Posted by Bob on November 18, 2002
In Reply to: Re: posted by Barney on November 17, 2002
: : : : : Hi! Can you please tell me the origin of the phrase "Where the rubber meets the road". Did it have something to do with rubber trees meeting the trucks for shipment? Thank you!
: : : :
: : : : I remember that phrase from a jingle in a series of TV commercials in the 1960's and 70's. I think it was for Firestone tires, but I'm not positive. I remember that there was this tune, sung by a choir of deep-voiced men. I think it went "Firestone...where the rubber meets the road" Of course they may have used the phrase before then.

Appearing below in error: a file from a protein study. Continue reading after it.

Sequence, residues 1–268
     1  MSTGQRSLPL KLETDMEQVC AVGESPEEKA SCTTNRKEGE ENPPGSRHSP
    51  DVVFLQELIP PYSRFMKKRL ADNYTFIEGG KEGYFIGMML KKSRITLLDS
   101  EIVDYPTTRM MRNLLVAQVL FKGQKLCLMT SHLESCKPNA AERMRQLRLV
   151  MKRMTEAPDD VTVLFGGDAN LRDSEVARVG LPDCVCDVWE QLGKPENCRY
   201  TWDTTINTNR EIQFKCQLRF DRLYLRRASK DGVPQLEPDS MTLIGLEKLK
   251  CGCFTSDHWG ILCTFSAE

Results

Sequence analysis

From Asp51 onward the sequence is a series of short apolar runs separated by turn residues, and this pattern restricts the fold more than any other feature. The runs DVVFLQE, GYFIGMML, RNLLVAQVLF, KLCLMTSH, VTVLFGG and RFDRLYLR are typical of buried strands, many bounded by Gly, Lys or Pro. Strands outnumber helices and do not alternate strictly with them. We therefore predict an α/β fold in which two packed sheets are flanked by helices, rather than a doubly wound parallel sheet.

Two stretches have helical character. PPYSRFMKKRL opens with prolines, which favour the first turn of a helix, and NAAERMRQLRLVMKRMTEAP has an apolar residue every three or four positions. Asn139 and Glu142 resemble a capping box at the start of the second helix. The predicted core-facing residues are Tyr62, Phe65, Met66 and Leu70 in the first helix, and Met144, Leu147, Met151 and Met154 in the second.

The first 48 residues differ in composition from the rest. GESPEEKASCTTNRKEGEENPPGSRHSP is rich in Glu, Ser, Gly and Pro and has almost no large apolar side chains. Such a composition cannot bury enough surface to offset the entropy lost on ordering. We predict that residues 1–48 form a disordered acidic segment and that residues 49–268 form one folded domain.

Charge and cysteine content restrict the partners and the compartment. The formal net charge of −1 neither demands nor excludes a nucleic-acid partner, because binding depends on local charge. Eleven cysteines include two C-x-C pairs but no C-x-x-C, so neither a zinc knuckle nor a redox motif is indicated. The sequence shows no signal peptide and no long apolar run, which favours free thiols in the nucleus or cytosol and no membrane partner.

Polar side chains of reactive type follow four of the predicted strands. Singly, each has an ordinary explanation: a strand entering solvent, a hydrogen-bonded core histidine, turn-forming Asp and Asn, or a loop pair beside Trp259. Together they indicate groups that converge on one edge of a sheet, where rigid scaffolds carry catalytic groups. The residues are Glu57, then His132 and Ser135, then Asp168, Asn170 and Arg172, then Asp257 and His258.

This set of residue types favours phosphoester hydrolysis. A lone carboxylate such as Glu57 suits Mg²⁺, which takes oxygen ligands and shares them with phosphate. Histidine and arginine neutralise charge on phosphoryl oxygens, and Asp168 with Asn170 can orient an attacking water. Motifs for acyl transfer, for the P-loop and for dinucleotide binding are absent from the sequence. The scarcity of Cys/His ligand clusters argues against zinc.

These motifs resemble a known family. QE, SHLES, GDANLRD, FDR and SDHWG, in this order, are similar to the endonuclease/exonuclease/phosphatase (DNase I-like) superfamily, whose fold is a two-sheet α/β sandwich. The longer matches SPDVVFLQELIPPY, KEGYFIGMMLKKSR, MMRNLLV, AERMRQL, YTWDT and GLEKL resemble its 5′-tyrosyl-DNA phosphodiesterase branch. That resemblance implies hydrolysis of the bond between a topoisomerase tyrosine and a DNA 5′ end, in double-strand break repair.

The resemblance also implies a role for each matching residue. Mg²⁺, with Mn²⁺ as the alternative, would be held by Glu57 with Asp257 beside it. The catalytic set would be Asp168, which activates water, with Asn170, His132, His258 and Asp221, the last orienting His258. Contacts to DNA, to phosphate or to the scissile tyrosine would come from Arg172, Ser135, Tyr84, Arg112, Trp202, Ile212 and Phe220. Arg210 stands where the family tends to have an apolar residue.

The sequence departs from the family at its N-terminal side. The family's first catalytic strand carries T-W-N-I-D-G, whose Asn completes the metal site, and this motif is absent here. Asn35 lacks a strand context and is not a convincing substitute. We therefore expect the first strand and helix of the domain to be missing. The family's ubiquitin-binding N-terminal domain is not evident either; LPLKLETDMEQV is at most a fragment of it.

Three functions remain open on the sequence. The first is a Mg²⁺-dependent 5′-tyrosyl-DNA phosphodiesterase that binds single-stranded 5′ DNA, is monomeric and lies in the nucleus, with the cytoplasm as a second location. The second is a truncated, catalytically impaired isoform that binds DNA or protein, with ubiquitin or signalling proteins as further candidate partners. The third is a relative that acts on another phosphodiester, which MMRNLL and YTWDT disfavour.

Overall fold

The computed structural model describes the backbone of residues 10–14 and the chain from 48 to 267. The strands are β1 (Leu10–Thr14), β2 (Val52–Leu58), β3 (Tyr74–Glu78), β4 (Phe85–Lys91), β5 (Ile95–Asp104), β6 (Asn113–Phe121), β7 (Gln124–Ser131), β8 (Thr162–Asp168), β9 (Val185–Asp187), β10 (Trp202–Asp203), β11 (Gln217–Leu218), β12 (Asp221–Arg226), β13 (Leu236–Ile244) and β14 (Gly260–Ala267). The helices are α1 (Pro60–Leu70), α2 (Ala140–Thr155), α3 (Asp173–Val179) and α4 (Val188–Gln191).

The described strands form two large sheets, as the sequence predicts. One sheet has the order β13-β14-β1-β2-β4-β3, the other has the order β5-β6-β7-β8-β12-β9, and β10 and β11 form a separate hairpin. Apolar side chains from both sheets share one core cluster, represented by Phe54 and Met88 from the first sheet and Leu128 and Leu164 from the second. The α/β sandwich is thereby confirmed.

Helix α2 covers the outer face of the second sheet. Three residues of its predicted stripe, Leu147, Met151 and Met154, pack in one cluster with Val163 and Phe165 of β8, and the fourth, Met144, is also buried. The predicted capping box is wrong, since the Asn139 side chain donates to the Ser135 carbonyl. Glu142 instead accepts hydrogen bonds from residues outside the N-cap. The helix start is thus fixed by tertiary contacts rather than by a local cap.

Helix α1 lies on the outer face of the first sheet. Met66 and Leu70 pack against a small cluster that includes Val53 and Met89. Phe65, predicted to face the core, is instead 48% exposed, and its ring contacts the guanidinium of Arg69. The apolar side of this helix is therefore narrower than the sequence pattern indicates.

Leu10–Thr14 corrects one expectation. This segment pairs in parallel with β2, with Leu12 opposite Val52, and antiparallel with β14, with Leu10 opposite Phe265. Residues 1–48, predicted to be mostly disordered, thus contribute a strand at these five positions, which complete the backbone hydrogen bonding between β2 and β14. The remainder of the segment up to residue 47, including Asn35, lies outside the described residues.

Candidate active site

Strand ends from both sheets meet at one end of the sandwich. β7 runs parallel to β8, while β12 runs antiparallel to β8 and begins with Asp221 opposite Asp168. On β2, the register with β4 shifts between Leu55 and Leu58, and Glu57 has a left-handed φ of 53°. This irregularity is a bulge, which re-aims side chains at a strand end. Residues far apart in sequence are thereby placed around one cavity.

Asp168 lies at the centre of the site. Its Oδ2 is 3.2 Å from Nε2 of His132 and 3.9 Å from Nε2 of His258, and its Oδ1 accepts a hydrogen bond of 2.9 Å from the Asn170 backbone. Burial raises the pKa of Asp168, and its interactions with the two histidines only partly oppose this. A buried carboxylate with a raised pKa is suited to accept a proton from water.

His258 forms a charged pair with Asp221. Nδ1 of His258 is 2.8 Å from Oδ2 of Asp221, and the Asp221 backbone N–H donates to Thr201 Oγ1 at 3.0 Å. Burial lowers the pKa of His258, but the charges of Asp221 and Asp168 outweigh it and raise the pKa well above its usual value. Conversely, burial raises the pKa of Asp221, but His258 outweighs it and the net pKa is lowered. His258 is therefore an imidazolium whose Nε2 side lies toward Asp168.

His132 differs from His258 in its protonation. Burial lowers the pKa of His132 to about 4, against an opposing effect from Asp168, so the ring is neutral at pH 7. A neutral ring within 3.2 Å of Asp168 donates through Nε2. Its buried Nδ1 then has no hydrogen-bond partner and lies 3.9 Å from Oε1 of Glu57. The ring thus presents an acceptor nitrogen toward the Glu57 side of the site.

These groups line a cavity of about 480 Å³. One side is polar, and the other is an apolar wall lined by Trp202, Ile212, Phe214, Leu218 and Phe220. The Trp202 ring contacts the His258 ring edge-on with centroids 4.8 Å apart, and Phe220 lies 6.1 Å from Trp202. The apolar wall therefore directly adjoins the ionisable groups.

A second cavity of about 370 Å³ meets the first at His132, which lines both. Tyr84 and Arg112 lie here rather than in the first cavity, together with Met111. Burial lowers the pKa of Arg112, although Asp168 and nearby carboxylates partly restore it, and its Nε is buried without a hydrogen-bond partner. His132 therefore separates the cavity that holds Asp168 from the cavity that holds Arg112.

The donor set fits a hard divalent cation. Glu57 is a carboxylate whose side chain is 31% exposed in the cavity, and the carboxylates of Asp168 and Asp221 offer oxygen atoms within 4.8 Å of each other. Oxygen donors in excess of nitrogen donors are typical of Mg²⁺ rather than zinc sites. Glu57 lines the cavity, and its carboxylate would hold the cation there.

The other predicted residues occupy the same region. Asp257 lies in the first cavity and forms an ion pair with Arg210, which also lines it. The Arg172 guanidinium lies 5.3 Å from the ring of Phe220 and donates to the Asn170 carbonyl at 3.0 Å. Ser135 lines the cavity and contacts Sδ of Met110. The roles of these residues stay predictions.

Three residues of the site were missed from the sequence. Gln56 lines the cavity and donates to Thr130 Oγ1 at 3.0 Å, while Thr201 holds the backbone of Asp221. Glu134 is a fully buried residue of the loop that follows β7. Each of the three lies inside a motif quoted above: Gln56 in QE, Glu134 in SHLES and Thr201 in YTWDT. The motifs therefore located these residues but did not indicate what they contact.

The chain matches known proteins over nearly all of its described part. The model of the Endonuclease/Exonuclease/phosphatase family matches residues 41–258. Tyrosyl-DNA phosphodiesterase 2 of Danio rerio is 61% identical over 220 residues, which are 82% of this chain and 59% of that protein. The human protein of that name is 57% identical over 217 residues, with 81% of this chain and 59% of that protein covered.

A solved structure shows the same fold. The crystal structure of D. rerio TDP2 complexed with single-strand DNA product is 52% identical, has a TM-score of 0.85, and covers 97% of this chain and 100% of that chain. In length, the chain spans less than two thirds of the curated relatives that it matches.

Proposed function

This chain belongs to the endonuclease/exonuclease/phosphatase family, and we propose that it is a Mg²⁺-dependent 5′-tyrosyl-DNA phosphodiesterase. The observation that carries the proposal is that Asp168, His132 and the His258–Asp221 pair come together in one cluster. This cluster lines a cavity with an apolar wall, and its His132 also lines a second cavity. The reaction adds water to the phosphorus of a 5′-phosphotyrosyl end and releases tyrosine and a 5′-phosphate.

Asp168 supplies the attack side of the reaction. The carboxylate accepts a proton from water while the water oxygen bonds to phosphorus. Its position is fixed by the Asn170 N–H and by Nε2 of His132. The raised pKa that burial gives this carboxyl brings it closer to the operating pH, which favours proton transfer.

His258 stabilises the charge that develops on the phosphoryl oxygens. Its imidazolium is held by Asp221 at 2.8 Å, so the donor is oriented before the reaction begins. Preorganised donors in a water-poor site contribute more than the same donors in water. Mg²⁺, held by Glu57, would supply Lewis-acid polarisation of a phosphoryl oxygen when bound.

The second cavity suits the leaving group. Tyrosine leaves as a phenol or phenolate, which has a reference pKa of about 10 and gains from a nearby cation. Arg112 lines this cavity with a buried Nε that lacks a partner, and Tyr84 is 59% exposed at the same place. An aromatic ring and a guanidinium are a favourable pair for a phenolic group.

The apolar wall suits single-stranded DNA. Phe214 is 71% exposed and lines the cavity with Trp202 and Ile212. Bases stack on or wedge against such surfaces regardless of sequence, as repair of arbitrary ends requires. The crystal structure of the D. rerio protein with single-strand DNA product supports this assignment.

: : : "Where the rubber meets the road" refers to the tire of a vehicle on the surface of a road. It means "where it really counts."
: : :Thanks, but I think that may be too simple. I heard years ago from a man who worked on a rubber tree plantation that it originated there.
: Rubber trees are 'tapped' to collect the raw rubber in a container, they are not felled and carted away in a lorry.
Quite right. It really was the jingle, a really awful effort that scanned badly (there was a line about different car trips you might take, including "visit Grandma" which had the unfortunate position in the line where the metrical stress fell on the last syllable, so "visit grand-MA" which sung as awkwardly as it looks). But the jingle ended with the memorable "where the rubber meets the road" which then became a catchphrase that (to my astonishment, anyway) persists to this day.